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Wreathed in vaporous clouds, steeped in resplendence, the towering Mount Kilimanjaro is the pride of East Africa, and a must on the bucket list of adventurers and wayward wanderers alike. Whilst climbing Kilimanjaro is a respectable feat, the Mountain of Light is not as entirely insurmountable as it is purported to be. We give you a breakdown of the where, when and how of climbing Africa’s tallest mountain—also the tallest free-standing mountain in the world.
Located near the town of Moshi in Northern Tanzania, the Mount Kilimanjaro National Park is 128 kilometers [80 miles] from Arusha and within an hour’s drive of Kilimanjaro Airport. Approaching the boundary of the National Park, which spans 1668 square kilometers [640 square miles] of luscious montane forest, the breath-taking Mount Kilimanjaro rises up from the surrounding coastal scrubland to a commanding 5,895 meters. Kilimanjaro is certainly the main attraction in the area, but the surrounding forest—a green oasis home to elephant, leopard, buffalo and numerous other small antelope and primates—is not to be disregarded.
What to Know Before Considering the Climb
Climbing Kilimanjaro requires proper training and a good level of health and fitness, but one does not need to be tremendously fit to tackle the giant. An adequate fitness training program that includes hiking trails in your home country is vital, but climbing Kilimanjaro is not tantamount to running a marathon. Companies operating guided hikes up Kilimanjaro, such as Climbing Kilimanjaro and Ultimate Kilimanjaro, offer fitness plans to aid you in ensuring that you are fit enough to make the climb. Insofar as the actual climb is concerned, the mountain offers six usual trekking routes to the summit and other more-demanding mountaineering routes for experienced climbers, with nature trails on the lower reaches.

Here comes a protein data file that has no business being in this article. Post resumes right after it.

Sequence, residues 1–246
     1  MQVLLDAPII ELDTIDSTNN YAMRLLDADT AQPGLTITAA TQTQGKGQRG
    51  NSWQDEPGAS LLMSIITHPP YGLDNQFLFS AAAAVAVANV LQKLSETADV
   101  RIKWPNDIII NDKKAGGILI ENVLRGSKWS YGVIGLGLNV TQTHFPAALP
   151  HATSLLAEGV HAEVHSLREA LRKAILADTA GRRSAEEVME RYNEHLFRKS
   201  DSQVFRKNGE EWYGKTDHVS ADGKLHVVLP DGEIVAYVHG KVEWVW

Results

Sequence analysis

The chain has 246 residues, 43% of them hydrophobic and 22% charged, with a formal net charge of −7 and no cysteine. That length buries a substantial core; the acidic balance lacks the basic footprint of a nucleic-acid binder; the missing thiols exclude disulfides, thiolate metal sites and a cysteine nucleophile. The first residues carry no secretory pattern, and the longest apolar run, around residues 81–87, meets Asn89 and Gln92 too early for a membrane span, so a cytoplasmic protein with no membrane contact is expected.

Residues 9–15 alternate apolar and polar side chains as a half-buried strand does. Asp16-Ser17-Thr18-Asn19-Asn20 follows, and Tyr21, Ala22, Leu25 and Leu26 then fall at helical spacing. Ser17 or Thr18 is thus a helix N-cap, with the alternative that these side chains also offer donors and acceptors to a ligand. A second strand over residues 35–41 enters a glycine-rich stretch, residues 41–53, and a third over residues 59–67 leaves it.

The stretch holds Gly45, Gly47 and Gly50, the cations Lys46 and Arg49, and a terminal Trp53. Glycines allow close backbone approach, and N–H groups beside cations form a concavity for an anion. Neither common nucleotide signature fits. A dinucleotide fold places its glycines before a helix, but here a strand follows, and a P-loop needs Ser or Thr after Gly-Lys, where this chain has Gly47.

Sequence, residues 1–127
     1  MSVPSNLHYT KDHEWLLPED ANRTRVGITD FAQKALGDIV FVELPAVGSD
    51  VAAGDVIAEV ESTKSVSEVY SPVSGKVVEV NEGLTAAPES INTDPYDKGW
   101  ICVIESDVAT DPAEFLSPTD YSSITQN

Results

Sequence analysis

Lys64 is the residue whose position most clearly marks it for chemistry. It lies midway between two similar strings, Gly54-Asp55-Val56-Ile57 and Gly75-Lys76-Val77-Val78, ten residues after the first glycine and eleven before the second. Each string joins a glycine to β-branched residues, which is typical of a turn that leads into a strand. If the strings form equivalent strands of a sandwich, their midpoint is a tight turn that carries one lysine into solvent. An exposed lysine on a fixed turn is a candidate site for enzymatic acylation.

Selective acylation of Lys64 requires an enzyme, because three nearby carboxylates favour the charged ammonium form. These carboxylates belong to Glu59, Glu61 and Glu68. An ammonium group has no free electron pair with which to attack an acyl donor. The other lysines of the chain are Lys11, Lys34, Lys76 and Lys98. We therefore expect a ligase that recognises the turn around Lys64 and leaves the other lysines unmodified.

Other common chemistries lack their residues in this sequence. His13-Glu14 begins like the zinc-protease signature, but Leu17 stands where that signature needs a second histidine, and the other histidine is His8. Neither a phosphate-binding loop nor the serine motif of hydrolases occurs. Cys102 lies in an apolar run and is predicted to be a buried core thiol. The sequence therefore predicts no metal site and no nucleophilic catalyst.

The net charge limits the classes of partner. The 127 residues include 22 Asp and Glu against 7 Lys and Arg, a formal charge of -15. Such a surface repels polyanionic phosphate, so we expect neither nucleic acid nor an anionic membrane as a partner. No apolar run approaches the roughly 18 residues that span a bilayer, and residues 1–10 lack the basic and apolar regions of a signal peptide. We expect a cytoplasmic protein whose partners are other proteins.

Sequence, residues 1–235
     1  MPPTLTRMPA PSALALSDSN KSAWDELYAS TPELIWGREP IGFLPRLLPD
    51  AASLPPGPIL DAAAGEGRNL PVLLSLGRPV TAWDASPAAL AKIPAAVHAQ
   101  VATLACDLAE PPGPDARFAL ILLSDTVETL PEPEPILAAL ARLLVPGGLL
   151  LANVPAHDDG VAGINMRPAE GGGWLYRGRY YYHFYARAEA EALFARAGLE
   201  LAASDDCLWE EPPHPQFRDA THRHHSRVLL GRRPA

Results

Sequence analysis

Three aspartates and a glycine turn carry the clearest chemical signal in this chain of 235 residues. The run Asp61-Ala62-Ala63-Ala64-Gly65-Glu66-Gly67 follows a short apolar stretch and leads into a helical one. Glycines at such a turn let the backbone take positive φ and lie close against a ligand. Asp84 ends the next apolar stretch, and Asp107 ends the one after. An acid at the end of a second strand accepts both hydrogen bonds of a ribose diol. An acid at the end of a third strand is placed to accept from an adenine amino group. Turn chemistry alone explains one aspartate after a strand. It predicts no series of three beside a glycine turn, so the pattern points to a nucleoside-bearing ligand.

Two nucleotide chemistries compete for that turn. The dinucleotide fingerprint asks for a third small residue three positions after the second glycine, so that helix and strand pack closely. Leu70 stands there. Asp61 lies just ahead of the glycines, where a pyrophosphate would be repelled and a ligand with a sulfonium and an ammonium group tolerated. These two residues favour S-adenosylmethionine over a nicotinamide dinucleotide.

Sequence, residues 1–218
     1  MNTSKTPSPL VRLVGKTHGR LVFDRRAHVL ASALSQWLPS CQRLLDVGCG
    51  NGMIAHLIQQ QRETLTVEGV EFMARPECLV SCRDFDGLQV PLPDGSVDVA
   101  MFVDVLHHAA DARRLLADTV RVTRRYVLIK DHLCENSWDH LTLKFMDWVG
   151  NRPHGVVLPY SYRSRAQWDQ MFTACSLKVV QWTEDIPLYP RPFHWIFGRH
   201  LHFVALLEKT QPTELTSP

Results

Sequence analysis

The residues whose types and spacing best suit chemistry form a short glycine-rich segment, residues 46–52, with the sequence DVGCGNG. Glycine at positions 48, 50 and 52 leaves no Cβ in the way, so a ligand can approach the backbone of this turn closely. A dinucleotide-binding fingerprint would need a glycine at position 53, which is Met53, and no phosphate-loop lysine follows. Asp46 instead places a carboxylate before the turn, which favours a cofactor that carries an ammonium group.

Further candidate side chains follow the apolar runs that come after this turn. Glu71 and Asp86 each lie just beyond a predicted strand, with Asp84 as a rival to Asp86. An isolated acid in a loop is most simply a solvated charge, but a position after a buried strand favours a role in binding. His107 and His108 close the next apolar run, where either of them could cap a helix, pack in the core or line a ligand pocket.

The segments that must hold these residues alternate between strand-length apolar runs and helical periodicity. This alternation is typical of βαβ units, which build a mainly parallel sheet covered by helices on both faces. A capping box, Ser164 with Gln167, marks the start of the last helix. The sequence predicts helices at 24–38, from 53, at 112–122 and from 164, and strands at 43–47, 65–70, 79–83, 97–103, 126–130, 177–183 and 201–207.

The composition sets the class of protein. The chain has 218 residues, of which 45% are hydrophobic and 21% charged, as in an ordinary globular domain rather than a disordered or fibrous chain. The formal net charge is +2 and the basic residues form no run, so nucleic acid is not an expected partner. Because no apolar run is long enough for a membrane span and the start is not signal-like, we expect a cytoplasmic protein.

When to Climb Kilimanjaro
The best trekking seasons for Kilimanjaro are January to March and June to October respectively. January to March is generally colder, with the possibility of a snowy summit, but the slopes are often quieter during this time. Due to the fact that the June to October trek coincides with the summer holidays in the United States, United Kingdom and Europe, the routes can get significantly busier during this time. March, April and November are peak raining season and are thus not ideal for climbing Mount Kilimanjaro.
For more about climbing Kilimanjaro, be sure to check out the Mount Kilimanjaro National Park official site. If you have surmounted the mighty Kilimanjaro and have any tips for your fellow climbers, please do post such in the comments below.
Photo Credit: http://www.tanzaniaparks.com/kili.html
Words by Illona Meyer
The STREAM AFRICA Team